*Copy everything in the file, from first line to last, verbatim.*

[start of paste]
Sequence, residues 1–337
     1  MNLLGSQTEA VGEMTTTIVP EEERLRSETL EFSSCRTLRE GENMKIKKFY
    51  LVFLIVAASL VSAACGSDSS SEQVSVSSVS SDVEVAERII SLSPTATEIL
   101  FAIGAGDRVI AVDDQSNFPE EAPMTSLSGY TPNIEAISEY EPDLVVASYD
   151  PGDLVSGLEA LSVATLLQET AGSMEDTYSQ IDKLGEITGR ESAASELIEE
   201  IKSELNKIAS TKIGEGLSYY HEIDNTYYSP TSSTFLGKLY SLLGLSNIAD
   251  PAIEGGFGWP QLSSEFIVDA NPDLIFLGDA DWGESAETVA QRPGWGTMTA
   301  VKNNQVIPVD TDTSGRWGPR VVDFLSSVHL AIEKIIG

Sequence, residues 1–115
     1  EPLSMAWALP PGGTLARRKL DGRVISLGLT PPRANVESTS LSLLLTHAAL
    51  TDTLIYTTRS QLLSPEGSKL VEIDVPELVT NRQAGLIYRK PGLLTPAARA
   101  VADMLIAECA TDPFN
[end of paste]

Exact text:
Sequence, residues 1–337
     1  MNLLGSQTEA VGEMTTTIVP EEERLRSETL EFSSCRTLRE GENMKIKKFY
    51  LVFLIVAASL VSAACGSDSS SEQVSVSSVS SDVEVAERII SLSPTATEIL
   101  FAIGAGDRVI AVDDQSNFPE EAPMTSLSGY TPNIEAISEY EPDLVVASYD
   151  PGDLVSGLEA LSVATLLQET AGSMEDTYSQ IDKLGEITGR ESAASELIEE
   201  IKSELNKIAS TKIGEGLSYY HEIDNTYYSP TSSTFLGKLY SLLGLSNIAD
   251  PAIEGGFGWP QLSSEFIVDA NPDLIFLGDA DWGESAETVA QRPGWGTMTA
   301  VKNNQVIPVD TDTSGRWGPR VVDFLSSVHL AIEKIIG

Sequence, residues 1–115
     1  EPLSMAWALP PGGTLARRKL DGRVISLGLT PPRANVESTS LSLLLTHAAL
    51  TDTLIYTTRS QLLSPEGSKL VEIDVPELVT NRQAGLIYRK PGLLTPAARA
   101  VADMLIAECA TDPFN